15 replies
  1. JohnT says:

    Looks like another case from “When the FBI director just makes shit up files”

    Michael from Muckrock writes, “Before rock legends KISS embarked on their 1980 ‘Unmasked’ Tour of Europe, then FBI Director William H. Webster put out a request to field offices for information regarding instances of ‘civil unrest’ associated with the band’s concerts, particularly an incident in Texas which escalated to open attacks on police. The field officers’ response was unanimous – they had no idea what the Director was talking about. That and more details await in the FBI’s files on KISS.”


  2. Terry Karney says:

    What I noticed is Comey saying that the normal performance of their duties is something they are afraid will be filmed. The implication is they are engaging in brutal tactics and behaviors, as a matter of course.

    • bmaz says:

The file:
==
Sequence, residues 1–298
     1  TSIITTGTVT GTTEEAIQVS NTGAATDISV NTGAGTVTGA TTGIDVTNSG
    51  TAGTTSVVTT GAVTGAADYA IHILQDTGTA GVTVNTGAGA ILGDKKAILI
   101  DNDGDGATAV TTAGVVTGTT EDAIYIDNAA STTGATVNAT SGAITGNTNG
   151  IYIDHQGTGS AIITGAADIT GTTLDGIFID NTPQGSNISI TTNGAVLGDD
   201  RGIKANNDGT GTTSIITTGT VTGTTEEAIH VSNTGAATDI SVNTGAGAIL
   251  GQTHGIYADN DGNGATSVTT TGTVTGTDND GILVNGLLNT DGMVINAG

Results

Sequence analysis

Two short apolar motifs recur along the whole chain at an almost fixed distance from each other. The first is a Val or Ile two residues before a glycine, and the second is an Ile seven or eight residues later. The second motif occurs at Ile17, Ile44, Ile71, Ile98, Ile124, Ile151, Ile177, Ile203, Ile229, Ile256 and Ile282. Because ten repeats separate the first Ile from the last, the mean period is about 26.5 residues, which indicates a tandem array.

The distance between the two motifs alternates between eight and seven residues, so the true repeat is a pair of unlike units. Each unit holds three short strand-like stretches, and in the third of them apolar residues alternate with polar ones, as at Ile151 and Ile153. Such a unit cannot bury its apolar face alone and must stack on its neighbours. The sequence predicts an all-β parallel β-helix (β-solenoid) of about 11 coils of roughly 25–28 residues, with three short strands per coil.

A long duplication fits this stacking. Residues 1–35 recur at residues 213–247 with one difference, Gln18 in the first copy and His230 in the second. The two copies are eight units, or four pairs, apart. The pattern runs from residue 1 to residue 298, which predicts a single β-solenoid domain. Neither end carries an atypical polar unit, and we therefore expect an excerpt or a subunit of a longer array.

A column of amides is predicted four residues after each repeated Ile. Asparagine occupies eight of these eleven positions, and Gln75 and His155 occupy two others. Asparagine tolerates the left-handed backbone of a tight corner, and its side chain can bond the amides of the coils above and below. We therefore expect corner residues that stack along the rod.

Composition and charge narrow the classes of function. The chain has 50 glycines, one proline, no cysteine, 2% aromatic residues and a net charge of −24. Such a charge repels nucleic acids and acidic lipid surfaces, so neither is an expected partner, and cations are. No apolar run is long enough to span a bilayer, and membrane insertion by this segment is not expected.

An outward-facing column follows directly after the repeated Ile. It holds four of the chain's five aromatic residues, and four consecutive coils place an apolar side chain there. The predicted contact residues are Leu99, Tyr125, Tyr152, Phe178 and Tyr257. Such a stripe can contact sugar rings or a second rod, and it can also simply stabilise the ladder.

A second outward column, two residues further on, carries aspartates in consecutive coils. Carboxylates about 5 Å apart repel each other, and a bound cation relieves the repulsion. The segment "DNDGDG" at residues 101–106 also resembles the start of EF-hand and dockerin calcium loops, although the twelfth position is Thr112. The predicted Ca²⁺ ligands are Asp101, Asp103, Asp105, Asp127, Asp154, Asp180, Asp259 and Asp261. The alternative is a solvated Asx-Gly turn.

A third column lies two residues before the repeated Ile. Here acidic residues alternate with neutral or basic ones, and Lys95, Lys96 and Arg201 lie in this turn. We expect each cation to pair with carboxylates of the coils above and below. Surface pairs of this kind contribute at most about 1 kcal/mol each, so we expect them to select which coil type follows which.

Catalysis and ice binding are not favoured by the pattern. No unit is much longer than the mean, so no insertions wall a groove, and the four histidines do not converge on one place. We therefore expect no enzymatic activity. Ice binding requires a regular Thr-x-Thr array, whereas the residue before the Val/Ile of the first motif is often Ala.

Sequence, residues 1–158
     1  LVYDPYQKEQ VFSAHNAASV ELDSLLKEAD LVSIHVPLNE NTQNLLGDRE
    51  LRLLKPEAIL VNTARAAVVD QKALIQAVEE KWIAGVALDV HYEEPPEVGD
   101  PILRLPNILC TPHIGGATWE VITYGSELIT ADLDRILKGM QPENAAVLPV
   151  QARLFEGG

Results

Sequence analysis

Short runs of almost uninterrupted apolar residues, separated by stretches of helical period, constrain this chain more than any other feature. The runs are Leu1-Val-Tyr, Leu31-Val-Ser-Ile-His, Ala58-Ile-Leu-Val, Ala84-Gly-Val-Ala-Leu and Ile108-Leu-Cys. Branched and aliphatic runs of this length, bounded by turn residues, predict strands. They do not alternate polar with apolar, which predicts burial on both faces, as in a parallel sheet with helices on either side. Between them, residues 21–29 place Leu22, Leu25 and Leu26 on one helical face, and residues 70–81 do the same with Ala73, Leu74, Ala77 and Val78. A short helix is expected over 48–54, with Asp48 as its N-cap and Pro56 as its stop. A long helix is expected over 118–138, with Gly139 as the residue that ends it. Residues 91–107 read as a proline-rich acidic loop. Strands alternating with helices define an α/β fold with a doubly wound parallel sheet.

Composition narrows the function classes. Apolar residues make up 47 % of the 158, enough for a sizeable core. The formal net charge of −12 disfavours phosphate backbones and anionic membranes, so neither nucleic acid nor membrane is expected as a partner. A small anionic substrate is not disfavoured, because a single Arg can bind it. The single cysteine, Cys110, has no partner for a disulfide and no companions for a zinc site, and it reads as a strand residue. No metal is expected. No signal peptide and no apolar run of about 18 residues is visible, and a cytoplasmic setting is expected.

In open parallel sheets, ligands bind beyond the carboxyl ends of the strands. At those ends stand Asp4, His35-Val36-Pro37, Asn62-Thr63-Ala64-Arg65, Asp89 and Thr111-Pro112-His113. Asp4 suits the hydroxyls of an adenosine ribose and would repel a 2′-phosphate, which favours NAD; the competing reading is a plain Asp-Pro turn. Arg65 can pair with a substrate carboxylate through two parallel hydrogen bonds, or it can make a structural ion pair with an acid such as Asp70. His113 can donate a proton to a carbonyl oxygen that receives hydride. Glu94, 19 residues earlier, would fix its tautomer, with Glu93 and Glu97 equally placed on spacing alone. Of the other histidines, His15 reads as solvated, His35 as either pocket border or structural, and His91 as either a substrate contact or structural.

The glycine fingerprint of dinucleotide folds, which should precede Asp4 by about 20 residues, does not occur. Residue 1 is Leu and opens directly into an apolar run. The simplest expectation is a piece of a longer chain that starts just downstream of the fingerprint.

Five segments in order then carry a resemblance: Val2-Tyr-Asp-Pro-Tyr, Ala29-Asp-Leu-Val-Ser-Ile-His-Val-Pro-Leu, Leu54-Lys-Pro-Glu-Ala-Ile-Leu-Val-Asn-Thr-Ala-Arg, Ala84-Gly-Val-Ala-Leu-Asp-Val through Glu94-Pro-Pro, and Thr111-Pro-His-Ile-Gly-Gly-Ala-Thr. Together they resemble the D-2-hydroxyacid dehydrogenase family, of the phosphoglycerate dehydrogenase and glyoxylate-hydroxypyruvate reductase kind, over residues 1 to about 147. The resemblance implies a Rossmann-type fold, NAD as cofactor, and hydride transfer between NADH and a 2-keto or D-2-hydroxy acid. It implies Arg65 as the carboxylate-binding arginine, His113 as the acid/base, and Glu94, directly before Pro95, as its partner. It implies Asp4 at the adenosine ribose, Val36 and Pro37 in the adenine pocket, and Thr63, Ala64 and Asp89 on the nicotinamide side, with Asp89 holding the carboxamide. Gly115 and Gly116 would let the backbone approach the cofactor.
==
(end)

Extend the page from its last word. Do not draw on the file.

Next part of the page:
Yes, trust me, that is precisely their fear. Even when not battering people, cops are very often simply authoritarian assholes as a matter of course. They get off on it. Not all, of course, some are quite noble. But FAR too many are not.

      • bloopie2 says:

        And they’re tricky bastards. The expressway I drive in the AM has a cut-through in the median where the cop normally sits with his radar. After we pass that, we all speed up to 75 again. Yesterday he was sitting off to the other side of the road, farther down (after the point we speed up), in a black Charger with no lights on, invisible until you’re almost on him, shooting at us. Works for him, now that the days are getting shorter and the mornings darker. On a road that never has any accidents, just a bunch of people trying to get to work on time. Just wonderful. And the cops wonder why people hate them.

  3. orionATL says:

    the ferguson effect is an urban myth a-growing.